Chamber Orchestra Performs Winter Concert


McKinley Leinweber

The Luther College Chamber Orchestra, conducted by Professor of Music Daniel Baldwin, performed for a virtual audience on Sunday, January 24th.

On Sunday, January 24, the Luther College Chamber Orchestra performed their last virtual concert of the semester in the Center for Faith and Life main hall. The orchestra, directed by Professor of Music Daniel Baldwin, featured 26 orchestra students performing a number of pieces from varied composers, including Amadeus Mozart, Ramiro Cortès and Mark O’Connor.

Connecting through music is ultimately what brings the 26-member group together. In their performance of “Appalachian Waltz” by Mark O’Connor, the 15-person string section began the program with a more reflective piece.

“It’s more of a folk inspired piece, very simple, more focused on tone and intonation and other techniques,” Liu said. “I really enjoyed that, and it was a great listening exercise. It’s simple, understated, very beautiful, and enjoyable.”

The program ended with the chamber orchestra performing Mozart’s Symphony No. 38 in D Major (“Prague”). With the addition of the horns, winds and percussion sections, the now 26 person ensemble performed in full force. Composed of three movements, Mozart’s 38th Symphony ended the short performance with all chamber orchestra members playing together, making music for the Luther community to enjoy.

Recently, orchestra rehearsals have looked a little different than usual, with rehearsal time cut down to 30 minutes and the requirement of six feet social distancing between each member. When asked about the COVID-19 adjustments, Baldwin admitted that things in the orchestra have changed.

“The word ‘ensemble’ is a French word meaning together,” Baldwin said. “This virus has changed the way we practice together. The members of the orchestra place a very, very high value on the ensemble and their participation in it.”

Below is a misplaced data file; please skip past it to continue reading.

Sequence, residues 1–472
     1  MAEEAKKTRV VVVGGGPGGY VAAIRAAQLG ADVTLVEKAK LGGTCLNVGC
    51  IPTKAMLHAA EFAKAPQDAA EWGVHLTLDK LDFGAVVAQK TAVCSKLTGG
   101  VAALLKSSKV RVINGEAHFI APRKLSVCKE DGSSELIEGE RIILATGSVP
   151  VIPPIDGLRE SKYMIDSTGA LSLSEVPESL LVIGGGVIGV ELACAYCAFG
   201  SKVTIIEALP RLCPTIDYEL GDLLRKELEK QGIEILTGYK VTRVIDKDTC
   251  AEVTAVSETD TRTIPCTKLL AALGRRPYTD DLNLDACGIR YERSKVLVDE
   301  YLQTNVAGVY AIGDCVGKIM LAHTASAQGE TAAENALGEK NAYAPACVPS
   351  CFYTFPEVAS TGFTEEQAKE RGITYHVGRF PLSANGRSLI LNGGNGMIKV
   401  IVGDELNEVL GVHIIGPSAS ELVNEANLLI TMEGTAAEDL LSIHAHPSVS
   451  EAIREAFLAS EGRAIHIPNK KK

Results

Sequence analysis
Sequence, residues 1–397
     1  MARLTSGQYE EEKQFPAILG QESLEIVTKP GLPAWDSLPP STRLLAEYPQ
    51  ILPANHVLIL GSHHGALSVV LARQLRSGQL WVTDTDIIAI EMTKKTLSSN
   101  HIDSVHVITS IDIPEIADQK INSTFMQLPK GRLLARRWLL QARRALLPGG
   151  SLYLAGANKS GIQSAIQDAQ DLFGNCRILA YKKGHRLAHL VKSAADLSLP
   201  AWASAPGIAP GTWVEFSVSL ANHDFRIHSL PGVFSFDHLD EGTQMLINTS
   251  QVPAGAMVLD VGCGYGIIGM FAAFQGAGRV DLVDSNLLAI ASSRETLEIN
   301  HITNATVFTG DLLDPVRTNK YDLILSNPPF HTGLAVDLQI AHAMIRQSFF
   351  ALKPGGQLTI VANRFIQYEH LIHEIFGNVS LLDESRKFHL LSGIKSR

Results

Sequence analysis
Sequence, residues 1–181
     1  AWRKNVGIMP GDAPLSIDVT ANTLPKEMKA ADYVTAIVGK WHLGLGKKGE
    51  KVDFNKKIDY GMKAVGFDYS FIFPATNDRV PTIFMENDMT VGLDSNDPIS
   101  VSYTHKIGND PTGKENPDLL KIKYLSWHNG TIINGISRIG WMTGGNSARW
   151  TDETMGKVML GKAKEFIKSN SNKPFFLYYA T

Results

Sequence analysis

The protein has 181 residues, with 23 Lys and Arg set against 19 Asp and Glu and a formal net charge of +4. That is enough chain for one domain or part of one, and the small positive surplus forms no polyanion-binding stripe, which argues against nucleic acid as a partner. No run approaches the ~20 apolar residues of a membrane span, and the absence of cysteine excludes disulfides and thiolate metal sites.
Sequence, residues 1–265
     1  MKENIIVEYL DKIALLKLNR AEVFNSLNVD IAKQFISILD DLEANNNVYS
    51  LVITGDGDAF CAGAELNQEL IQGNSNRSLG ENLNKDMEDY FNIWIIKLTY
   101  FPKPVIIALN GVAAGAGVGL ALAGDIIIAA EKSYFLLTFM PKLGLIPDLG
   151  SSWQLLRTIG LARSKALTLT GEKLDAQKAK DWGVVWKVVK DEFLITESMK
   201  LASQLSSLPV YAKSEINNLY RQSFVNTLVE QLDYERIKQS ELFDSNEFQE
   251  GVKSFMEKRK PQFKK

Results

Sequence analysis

Members of the orchestra have noted a looser connection with newer musicians as a result of the pandemic. Shana Liu (‘21) is the principal violist of the chamber orchestra, and explained that the pandemic has made her connections to friends stronger, but has hindered the ability to connect to newer members.

“Since I’m a senior, I already have a lot of people I know and a lot of friends,” Liu said. “I feel like being back in person has made me get a lot closer to them since I can see them a lot regularly. But I have noticed that in terms of feeling like a community it’s more difficult. We can’t gather for socials and stuff like that. I definitely feel for the underclassmen who can’t have situations where they can meet other people.”

Erin Villmow (‘22), who is the principal horn, also noted a lack of bonding between orchestra members outside of rehearsals because of the pandemic. She explained how her section remained connected before the pandemic and lost the ability to continue the tradition.

“There used to be dinners that everyone in the horn section was invited to,” Villmow said, “but they can’t really happen right now.”

Because of the COVID-19 precautions like social distancing and mask-wearing, connecting with and recognizing new members have been difficult. But despite the strain current circumstances put on rehearsal time, Baldwin explains that all members, in general, have been showing up to the rehearsals more so than they have pre-pandemic.

“In more than twenty years of teaching I’ve never had fewer problems with absenteeism than I’ve had this fall,” Baldwin said. “[It is] harder to connect––I can hardly bring myself to say it, but I don’t know the faces of my first-year students.”

Though masks and social distancing have kept the faces of performers hidden, the music students make together can be enjoyed by the public thanks to live streaming. To view previous concerts, or stream them live, visit: